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Series: Hex Hall #1
Rating: 1 of 5 stars
Three years ago, Sophie Mercer discovered that she was a witch. It’s gotten her into a few scrapes. Her non-gifted mother has been as supportive as possible, consulting Sophie’s estranged father–an elusive European warlock–only when necessary. But when Sophie attracts too much human attention for a prom-night spell gone horribly wrong, it’s her dad who decides her punishment: exile to Hex Hall, an isolated reform school for wayward Prodigium, a.k.a. witches, faeries, and shapeshifters.
By the end of her first day among fellow freak-teens, Sophie has quite a scorecard: three powerful enemies who look like supermodels, a futile crush on a gorgeous warlock, a creepy tagalong ghost, and a new roommate who happens to be the most hated person and only vampire student on campus. Worse, Sophie soon learns that a mysterious predator has been attacking students, and her only friend is the number-one suspect.
As a series of blood-curdling mysteries starts to converge, Sophie prepares for the biggest threat of all: an ancient secret society determined to destroy all Prodigium, especially her.
The fuck did I just read?
No, really, what in the screaming blue fuck did I just read? This book has personality issues to rival that of Crash by Lisa McMann. Subject matter that’s actually pretty mature handled with a middle grade voice. We have yet another case of a 16-year-old-narrator, Sophie, who talks like she’s 12. Absolutely made me hate the story right off the bat. Especially considering I don’t like my favorite paranormals – demons and angels – handled with levity.
Speaking of levity and feeling a lack of threat, this book wouldn’t know what suspense or building tension was if it were doused in it. Which it was about to be because the whole book’s a Z-fest. It spent the first 100 pages going through the details of Sophie’s first day at school, and the next 200 pages are rushed through with zero tension, zero buildup, zero interest.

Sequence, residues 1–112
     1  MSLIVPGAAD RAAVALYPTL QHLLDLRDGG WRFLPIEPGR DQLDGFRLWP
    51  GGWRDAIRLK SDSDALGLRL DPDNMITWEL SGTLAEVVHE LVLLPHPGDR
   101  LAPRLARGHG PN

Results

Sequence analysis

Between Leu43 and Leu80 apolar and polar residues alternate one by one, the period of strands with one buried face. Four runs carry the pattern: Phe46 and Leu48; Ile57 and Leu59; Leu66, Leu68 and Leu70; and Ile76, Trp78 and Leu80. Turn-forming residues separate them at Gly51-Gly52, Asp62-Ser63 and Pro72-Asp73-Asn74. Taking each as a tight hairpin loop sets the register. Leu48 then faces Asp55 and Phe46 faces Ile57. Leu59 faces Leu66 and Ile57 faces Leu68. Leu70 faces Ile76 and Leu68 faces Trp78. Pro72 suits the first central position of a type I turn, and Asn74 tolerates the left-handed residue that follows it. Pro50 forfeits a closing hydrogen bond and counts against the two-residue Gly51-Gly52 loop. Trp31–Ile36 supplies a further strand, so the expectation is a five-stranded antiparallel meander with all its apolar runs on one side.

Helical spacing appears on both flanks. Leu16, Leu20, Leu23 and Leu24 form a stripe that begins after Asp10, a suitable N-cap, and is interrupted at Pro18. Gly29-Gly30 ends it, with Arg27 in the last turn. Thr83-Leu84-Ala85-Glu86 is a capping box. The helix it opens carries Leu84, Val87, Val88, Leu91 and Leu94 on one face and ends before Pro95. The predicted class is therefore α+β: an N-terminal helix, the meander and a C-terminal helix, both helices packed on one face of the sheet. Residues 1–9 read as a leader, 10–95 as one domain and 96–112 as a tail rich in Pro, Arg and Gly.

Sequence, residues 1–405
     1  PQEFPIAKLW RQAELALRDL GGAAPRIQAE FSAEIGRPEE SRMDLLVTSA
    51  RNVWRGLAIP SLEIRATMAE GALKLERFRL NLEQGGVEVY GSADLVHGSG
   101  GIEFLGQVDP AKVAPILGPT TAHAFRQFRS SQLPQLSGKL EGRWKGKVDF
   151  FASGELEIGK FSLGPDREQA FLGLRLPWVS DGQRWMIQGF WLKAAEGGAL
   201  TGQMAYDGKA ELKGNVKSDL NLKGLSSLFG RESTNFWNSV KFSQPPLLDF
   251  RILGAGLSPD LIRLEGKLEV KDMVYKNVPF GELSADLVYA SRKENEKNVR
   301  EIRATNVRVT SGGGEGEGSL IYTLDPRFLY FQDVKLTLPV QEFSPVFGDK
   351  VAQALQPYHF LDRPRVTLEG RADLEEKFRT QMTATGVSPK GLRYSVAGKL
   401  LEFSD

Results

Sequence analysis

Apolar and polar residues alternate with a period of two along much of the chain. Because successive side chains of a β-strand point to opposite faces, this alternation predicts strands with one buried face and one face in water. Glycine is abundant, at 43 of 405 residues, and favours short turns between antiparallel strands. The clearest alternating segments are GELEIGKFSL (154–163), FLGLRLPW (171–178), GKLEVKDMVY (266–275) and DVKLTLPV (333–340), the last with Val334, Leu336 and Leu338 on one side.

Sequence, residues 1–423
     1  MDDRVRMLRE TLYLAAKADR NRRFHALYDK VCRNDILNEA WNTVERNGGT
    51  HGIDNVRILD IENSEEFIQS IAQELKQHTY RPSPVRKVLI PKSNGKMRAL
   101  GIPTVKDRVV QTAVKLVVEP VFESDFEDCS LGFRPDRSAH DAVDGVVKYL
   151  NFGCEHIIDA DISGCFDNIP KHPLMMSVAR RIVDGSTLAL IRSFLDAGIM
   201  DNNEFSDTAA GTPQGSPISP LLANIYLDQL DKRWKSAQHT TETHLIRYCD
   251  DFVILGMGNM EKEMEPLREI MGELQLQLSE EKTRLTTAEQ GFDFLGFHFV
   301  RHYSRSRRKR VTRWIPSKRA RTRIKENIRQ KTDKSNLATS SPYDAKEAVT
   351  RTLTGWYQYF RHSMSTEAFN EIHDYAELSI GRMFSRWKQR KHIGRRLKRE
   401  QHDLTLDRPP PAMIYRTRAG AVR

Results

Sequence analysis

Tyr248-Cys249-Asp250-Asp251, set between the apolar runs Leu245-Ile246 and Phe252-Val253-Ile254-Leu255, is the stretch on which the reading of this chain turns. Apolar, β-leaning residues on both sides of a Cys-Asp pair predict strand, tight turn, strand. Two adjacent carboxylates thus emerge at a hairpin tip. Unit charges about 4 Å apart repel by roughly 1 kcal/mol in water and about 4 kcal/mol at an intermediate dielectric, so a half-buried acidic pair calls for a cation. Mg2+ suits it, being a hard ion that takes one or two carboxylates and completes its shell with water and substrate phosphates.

I considered DNFing it fairly early on – I have a minireview of Monstrous Beauty just waiting for another underwhelming narrative to join it in its pitiful corner before I publish it – but since there was a mention of demons, I decided to give it a try. And let me say: Reading this book isn’t worth the time I wasted on it.
How stupid can these characters get? A kid who’s aligned himself with a terrorist organization decides to get touchy-feely with the very thing he’s supposed to kill? A girl doesn’t pause to think a demon that she and her friends raised isn’t the one killing off the members of her coven who raised it, one by one? A woman who knows there’s a demonic threat to the school doesn’t look into the presence of demonic vibes in the school? Oh, and my favorite “what the fuck?” – NO ONE BOTHERS TO TELL THE HALF-DEMON GIRL SHE’S HALF-FUCKING DEMON?
What’s wrong with these people?
I refuse to continue this series. It pokes fun at the severity and austerity that is the demon and the angel and tramples all over it. Sorry, but that shit doesn’t fly with me.
Plus, this author has behaved badly, and had I known that going into this book, I never would’ve even bothered spending money on it. That was my mistake. But fuck this book anyway.